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Lewis out to make medal history

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Photograph courtesy of HYPERLINK "http://www.islandstats.com" www.islandstats.comReady to go: Lewis, front left, and DeSilva-Andrade, front right, at the Paralympic flag-raising ceremony in Rio

Jessica Lewis believes she has never felt stronger or fitter as she looks to become the first Bermudian to win a medal at the Paralympic Games.

The 23-year-old competes in the T53 100 metres tomorrow — her best event — with the heats in the morning and final in the evening at the Olympic Stadium in Rio de Janeiro.

A bronze medal-winner at last year’s IPC Athletics World Championships in Doha, Qatar, and a gold medallist at the Parapan Am Games in Toronto, where she lowered the record, Lewis is firmly among the frontrunners.

“I think a medal is possible,” Lewis said. “I’m not really focusing on where I could place, but obviously a medal is the ultimate goal.

“I’ll be looking to push the race as much as I can and I know what I’m capable of.”

Lewis is ranked fifth in the IPC world rankings and is among seven athletes in Rio to have shattered the 17-seconds barrier, with her personal best at 16.81sec.

Angela Barrard, of Australia, with a PB of 16.46, is ranked No 1, while Lisha Huang, of China, who won gold in the 100 in Doha, is second with a best time of 16.47.

“There are seven of us all under 17 seconds, so it’s going to be all about whoever wants it on the day,” Lewis said. “I think it will be an amazing race to be involved in. I’ve raced against a lot of these girls before so I know what to expect.”

Lewis admits she is weaker in her other events in Rio — the 400 and 800 — but has been working hard with her longtime coach, Ken Thom, to improve her endurance and hopes to at least make the finals.

“My season ended at the beginning of July so we’ve just been focusing on conditioning and endurance training, which will help with the longer distances,” said Lewis, who missed out on the 800 final in Doha, finishing sixth in her heat.

“I’m not as strong in those events yet, but I’m definitely getting better at the longer distances because of all the training we’ve been doing. I hope to make the finals.”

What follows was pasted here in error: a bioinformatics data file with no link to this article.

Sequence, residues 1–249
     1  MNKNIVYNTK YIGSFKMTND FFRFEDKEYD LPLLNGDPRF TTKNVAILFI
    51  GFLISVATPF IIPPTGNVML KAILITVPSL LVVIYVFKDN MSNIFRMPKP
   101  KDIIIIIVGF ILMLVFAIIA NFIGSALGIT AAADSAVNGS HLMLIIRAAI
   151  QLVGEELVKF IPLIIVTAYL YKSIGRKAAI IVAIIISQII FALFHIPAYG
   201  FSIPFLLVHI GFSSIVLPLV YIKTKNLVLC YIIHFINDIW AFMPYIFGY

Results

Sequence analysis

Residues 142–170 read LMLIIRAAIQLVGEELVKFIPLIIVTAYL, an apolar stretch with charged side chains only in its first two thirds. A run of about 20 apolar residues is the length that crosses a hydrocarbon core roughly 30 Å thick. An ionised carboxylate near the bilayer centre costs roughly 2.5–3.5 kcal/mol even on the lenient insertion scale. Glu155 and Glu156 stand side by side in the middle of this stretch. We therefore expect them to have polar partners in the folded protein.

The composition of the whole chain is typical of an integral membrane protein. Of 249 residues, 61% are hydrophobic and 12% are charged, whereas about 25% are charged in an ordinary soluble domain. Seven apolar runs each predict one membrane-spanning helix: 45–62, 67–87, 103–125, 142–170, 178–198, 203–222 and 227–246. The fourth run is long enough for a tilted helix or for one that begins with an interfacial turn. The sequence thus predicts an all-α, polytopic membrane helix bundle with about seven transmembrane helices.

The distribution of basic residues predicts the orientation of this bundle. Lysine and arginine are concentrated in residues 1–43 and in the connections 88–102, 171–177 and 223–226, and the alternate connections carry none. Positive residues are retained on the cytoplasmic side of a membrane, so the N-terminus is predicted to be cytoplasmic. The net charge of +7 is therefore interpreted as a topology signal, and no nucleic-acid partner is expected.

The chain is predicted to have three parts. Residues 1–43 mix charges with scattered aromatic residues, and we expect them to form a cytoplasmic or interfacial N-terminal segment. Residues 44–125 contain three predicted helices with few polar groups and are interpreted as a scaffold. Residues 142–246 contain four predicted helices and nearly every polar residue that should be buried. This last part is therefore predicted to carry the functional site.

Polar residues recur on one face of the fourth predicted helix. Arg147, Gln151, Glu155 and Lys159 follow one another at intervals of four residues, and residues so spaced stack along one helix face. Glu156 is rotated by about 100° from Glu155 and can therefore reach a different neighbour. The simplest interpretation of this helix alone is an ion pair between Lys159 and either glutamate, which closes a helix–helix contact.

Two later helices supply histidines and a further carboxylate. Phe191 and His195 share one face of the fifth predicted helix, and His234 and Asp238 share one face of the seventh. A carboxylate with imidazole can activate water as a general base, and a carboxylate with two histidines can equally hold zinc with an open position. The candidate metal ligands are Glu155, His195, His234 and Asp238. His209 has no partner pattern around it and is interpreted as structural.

Lewis became the island’s first Paralympian in London in 2012, where she placed eighth in the 100, 200 and 400.

She believes she has improved beyond recognition both physically and mentally during the intervening years, but is still expecting a few jitters before today’s event.

“The nerves are starting to kick in a little bit, but I’m definitely excited and happy with my preparations,” said Lewis, who will be accompanied by her coach and her mother, Lorri Lewis, Bermuda’s chef de mission.

“I’m not as nervous as I was in London as I feel a lot stronger. I’m more nervous about the actual competing.

“I’ve come a long way in the past four years and I’m really looking forward to seeing where that puts me against the best in the world.”

Representing Bermuda for the first time at the Paralympics will be Yushae DeSilva-Andrade in boccia — a precision ball game related to bowls. DeSilva-Andrade’s event starts on Saturday.

“I’m so proud of Yushae and how far she’s come,” Lewis said. “It will be great to be able to cheer for a Bermudian athlete. That will be awesome.”

Slow ticket sales have overshadowed the countdown to the Paralympics, which has been downsized with venues being closed. Lewis, however, is encouraged that interest is picking up ahead of today’s opening ceremony at the Maracanã Stadium.

Ticket sales rise, page 37

Medal mission: Lewis is among the frontrunners in the T53 100 metres